Shares of the sports apparel outfit fell Thursday as investors appeared to be disappointed with profit growth
Under Armour (UA) announced on Feb. 1 that fourth quarter earnings rose an explosive 69% year over year -- but disappointed Wall Street fans sold the stock. That's certainly a change -- few months ago investors were cheering on the sportswear maker like their favorite underdog football team. Morgan Stanley analyst Brian McGough even warned in a research note Nov. 28 that the market was pricing in that Under Armour overtakes Adidas, Reebok, and Puma as the No. 2 U.S. brand behind Nike (NKE).
How did the Baltimore-based outfit -- whose TV commercials feature the catchphrase "protect this house" -- get to play with the big boys? CEO Kevin A. Plank started his company eleven years ago by inventing sweat-resistant undershirts for football players. First he impressed sports stars like Jerry Rice and Roger Clemens. Then his company began posting stunning growth in sales during recent years (see BusinessWeek, 5/25/06, "Under Armour: A brawny tee house? No sweat"). Plank went toe-to-toe with Nike, which in 2003 was promoting its own Pro Compression apparel line by hauling in football superstars like Michael Vick, Terrell Owens, and Marshall Faulk.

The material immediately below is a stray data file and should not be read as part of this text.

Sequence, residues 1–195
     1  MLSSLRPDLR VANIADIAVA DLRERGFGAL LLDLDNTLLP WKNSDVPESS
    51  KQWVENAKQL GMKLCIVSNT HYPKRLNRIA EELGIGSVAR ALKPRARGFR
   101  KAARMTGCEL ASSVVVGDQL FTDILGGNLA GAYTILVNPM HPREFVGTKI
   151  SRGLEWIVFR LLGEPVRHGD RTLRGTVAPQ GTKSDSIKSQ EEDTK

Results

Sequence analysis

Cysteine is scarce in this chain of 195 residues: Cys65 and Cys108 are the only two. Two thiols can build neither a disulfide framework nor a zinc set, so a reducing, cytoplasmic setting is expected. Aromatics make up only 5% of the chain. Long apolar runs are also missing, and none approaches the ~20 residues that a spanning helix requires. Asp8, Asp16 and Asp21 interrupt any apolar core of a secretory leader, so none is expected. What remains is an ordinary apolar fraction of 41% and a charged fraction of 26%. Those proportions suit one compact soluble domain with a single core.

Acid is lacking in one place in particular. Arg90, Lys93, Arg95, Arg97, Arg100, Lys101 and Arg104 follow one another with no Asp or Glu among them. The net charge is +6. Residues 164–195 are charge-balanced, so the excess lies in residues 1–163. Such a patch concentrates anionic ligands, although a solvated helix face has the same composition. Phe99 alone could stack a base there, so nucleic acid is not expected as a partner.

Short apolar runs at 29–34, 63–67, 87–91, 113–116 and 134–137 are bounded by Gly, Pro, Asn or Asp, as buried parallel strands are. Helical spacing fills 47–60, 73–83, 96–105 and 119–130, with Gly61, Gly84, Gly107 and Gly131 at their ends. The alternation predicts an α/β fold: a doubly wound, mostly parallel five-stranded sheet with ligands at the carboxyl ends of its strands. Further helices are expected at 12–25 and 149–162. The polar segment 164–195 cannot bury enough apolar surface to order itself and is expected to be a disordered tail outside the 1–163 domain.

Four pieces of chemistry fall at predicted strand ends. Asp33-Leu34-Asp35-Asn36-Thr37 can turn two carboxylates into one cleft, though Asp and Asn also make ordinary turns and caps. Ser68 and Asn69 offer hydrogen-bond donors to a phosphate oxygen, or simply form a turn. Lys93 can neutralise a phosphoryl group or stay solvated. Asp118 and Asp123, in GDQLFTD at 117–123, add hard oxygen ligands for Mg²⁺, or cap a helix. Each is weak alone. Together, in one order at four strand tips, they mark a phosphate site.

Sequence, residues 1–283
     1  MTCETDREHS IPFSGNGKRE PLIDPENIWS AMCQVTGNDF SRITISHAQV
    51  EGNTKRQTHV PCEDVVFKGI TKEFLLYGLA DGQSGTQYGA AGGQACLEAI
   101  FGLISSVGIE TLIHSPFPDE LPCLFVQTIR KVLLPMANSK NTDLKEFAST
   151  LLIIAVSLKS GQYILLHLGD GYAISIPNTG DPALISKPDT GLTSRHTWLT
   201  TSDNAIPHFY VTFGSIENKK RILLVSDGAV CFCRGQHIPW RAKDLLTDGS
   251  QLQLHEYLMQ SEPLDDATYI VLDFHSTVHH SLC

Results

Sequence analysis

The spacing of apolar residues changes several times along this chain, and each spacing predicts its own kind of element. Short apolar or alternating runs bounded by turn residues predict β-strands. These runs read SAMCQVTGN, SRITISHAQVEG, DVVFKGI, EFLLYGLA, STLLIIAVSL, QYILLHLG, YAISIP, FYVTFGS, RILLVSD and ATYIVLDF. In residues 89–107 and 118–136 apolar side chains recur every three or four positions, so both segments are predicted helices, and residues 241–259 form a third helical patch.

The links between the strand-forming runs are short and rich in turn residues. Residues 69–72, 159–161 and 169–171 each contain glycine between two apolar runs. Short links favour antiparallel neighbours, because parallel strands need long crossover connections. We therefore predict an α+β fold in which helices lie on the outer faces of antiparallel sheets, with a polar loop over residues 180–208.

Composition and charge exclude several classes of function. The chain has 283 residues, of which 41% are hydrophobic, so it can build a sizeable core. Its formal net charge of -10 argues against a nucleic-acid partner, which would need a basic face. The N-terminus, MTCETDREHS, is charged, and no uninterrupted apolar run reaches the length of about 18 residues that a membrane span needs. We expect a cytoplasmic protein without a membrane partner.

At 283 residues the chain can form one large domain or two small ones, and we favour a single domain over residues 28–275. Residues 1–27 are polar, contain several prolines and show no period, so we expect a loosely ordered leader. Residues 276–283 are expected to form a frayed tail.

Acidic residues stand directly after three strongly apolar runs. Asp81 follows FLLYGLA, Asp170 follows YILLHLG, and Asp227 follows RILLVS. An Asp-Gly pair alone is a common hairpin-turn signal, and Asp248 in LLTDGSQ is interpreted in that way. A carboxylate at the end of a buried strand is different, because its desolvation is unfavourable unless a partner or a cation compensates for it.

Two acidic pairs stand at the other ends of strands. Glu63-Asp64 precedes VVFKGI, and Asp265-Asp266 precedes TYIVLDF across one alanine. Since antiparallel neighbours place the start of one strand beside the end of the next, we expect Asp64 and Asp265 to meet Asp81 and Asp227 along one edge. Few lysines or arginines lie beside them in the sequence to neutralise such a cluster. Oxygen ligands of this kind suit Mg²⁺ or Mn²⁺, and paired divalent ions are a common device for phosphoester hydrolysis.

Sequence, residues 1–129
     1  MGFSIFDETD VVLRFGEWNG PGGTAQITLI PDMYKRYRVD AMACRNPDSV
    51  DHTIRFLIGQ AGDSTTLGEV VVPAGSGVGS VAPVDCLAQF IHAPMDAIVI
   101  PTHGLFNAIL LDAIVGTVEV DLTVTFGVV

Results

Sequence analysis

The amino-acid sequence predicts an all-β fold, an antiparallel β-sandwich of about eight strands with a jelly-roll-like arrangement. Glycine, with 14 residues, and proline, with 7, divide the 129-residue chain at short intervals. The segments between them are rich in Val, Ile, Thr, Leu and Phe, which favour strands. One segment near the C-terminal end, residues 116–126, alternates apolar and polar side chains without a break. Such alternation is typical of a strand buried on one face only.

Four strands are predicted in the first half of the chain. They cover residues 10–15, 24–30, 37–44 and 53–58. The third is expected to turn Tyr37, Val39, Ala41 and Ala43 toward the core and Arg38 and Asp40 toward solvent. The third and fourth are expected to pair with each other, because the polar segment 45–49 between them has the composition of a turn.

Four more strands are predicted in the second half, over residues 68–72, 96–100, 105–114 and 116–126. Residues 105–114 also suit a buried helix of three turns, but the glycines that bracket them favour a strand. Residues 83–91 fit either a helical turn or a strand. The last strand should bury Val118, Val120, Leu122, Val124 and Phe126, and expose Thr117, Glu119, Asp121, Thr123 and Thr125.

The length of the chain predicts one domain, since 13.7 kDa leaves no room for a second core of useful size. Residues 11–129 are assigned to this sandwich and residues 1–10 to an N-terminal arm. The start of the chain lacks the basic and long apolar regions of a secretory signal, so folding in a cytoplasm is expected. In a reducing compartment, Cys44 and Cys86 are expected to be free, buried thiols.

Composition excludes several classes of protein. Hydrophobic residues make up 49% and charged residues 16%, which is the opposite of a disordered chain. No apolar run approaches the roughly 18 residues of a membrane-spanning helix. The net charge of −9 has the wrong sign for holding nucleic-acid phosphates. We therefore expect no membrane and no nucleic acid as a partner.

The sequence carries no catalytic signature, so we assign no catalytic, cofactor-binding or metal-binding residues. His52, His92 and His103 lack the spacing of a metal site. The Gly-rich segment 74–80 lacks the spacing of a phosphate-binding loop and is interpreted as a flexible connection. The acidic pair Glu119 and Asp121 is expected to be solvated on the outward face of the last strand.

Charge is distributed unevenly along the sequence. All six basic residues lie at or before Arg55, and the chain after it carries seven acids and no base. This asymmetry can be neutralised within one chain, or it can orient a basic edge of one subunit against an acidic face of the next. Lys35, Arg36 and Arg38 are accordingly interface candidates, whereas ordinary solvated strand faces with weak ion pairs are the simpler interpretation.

Wall Street has taken notice of the company's rapid growth and Under Armour's stock price has rocketed by 86.4% since the company went public in 2005.
But the stock plunged 7.2% on Feb. 1 to $47.17 per share near the close of trading, after news that Under Armour earned $11.9 million during the three months ended Dec. 31, or 24 cents per share. The mean analyst estimate had been for 25 cents a share, according to the San Francisco research firm StarMine, which aggregates data from Thomson Financial.
To be sure, Under Armor is still growing in popularity with customers. Net revenues increased 55% year over year in the fourth quarter to $135.3 million, Under Armour's highest revenue in history.
While athletic underwear has clearly been exciting for CEO Plank, he's been taking steps to move his company onward to new products and recently started selling baseball and softball cleats. But cleats are Nike's home turf.
"While the firm has plenty of room to expand into new categories like footwear, battling a host of entrenched competitors should prove challenging," Morningstar analyst Brady Lemos said in a research note Dec. 19. "UA's historical performance is indeed impressive, and the firm has a promising future, but we doubt UA can profitably defend its market niche over the long term."
The game, of course, isn't over yet. Under Armor expects both revenue and income during 2007 to improve by 30% to 35% compared to 2006.
John Carey, a senior correspondent for BusinessWeek in Washington, contributed to this report